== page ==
Fraud in online advertising is a huge business, we noted recently.
Botnets generate clicks automatically, at the same overall rates as humans, making them difficult to detect. Some publishers claim, and bill for, vast audiences even though few people in real life seem to have heard of their publications. And some web sites serve ads “below the fold,” meaning beneath the area of the site displayed on your screen — charging clients for impressions that people can’t see.
One company, Spider.io, estimates that advertisers waste $6 million a month on fraudulent transactions, and that 80% of impressions delivered to some brand campaigns can be false.
Advertisers can’t see the fraud because they use automated, “programmatic” ad buying software on real-time bidding platforms. They’re just buying numbers, in other words.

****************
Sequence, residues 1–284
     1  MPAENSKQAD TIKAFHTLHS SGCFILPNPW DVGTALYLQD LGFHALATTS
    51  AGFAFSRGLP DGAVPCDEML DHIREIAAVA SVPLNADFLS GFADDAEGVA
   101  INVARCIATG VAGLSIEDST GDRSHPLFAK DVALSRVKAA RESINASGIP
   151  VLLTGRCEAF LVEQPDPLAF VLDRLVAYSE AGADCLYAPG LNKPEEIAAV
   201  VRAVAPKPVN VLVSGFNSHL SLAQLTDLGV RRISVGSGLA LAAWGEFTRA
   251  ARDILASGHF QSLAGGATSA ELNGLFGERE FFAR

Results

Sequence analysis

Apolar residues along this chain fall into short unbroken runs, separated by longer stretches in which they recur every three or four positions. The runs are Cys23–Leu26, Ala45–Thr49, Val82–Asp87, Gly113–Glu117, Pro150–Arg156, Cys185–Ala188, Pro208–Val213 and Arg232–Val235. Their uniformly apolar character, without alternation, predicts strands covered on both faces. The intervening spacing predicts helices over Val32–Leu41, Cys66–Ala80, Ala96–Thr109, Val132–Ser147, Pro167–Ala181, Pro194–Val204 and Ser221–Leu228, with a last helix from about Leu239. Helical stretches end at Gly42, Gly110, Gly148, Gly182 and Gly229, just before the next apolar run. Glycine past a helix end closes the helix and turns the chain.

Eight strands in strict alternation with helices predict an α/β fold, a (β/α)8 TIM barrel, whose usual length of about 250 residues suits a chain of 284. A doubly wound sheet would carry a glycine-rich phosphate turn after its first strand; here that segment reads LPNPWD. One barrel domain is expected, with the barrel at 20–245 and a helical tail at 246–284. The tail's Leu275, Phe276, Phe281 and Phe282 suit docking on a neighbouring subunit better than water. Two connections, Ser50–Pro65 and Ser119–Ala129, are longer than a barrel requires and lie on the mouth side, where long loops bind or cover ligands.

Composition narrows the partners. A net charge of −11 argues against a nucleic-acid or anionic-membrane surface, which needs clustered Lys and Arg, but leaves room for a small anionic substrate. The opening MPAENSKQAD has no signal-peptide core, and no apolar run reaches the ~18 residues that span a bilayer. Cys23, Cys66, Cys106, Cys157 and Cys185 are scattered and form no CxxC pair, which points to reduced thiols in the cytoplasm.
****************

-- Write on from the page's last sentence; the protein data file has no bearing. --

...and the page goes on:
Yet Google, AdExchanger notes, is always “among the top inventory platforms, [and] Google is widely regarded as the standard-bearer of policing ad fraud.”
The company has a “secret” method for weeding out fraud, it says in a blog post. “Human review“:
We have hundreds of employees around the world who review web pages, test our partners’ downloadable software, and prevent ads from showing on sites that violate our policies. Depending on the severity and persistence of the offence, they may stop ad serving on that page or site, or across the publisher’s entire account.
Apparently, there is still a role for humans in automated ad buying — fixing the robots’ mistakes.
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